Wednesday, December 14, 2011

December Volunteer of the Month: Stephanie Rodriguez

Written by Peggy Ni - YSP Volunteer

December Volunteer of the Month: Stephanie Rodriguez

Stephanie is a third year Ph.D. student in the Immunology Program. Her contributions to YSP are significant; she was an inspiring tutor for Summer Focus, she was an integral part in launching teaching kits for YSP, and she is also transitioning as the new Student Director.

Peggy Ni: What are the main duties of being the YSP Student Director?

Stephanie Rodriguez: Mostly you're the tying hand between all the different facets of YSP. Since everything is volunteer-based, it would be very easy for things to be really disjointed … and so as the coordinator the main job is to understand what every aspect is doing and how each fits together and make sure that all the parts work.

PN: So, a lot of administrative things?

SR: Yeah, being the go-to person in case faculty have questions about YSP or different organizations are interested in working with YSP. Instead of contacting all the volunteers, it's easier to go through one centralized person.

PN: Why did you decide to accept this position?

SR: YSP was one of the reasons I wanted to come to WashU to begin with, so my first year I just got as involved as I could. The more involved I became, the more I enjoyed it. And I like knowing what's going on with all of the different programs because I think they're all equally wonderful. It seemed like a really awesome way for me to be able to stay involved in all the programs. And, it gives me an opportunity to focus more on some things that are more personal to me but still be able to participate in all of them.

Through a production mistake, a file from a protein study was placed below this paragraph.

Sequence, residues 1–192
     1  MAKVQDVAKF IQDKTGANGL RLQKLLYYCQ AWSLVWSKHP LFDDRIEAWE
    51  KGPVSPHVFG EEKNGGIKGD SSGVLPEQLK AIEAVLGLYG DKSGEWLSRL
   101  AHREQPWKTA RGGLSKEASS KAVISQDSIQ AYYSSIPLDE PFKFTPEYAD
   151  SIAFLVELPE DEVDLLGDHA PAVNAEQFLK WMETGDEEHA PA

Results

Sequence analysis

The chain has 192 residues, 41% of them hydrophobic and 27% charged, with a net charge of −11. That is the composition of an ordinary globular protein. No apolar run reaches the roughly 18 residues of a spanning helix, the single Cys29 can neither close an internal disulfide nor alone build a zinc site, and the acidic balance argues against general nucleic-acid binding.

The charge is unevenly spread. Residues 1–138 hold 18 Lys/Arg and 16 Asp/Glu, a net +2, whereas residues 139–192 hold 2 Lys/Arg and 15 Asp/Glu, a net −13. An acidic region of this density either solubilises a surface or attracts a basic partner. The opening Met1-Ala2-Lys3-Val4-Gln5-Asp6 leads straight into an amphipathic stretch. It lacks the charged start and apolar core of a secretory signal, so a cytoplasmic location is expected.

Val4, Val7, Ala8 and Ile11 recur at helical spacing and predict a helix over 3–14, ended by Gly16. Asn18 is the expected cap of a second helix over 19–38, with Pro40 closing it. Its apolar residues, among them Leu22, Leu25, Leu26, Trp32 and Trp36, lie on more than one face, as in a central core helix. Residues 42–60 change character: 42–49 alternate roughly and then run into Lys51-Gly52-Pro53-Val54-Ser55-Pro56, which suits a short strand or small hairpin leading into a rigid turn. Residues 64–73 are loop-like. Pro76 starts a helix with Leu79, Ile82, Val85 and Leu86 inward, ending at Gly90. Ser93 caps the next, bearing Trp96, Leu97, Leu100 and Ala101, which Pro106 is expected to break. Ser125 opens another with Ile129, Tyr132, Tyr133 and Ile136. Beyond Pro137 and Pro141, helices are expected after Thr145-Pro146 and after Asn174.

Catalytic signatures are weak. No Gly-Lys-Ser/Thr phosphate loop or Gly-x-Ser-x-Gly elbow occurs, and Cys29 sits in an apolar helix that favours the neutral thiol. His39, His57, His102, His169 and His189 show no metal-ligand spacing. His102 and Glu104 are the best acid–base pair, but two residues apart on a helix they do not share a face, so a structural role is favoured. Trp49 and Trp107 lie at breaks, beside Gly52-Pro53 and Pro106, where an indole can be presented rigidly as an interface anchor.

PN: You said all components and programs of YSP are equally wonderful, but could you describe some that you are most excited about?

SR: I think it's easiest to be excited about the Summer Focus Program because that's when you have the most interaction with our target audience – the students. These high school students get so excited about science and you can see them progress from week 1 to week 8. So I think that's the program that gets people the most excited, but I've been working a lot with TRP and the teaching kits. And the more I work with those programs, the more I see just how useful things like that are; you can see how important resources are for the teachers or all the hurdles they have to jump through to get these exciting things to their high school students. It's pretty fun to try to think what would get a high school student excited if you were going to bring in a demo to their classroom.

PN: Could you describe some topics that these teaching kits cover? I feel like it's one of the less publicized aspect of YSP.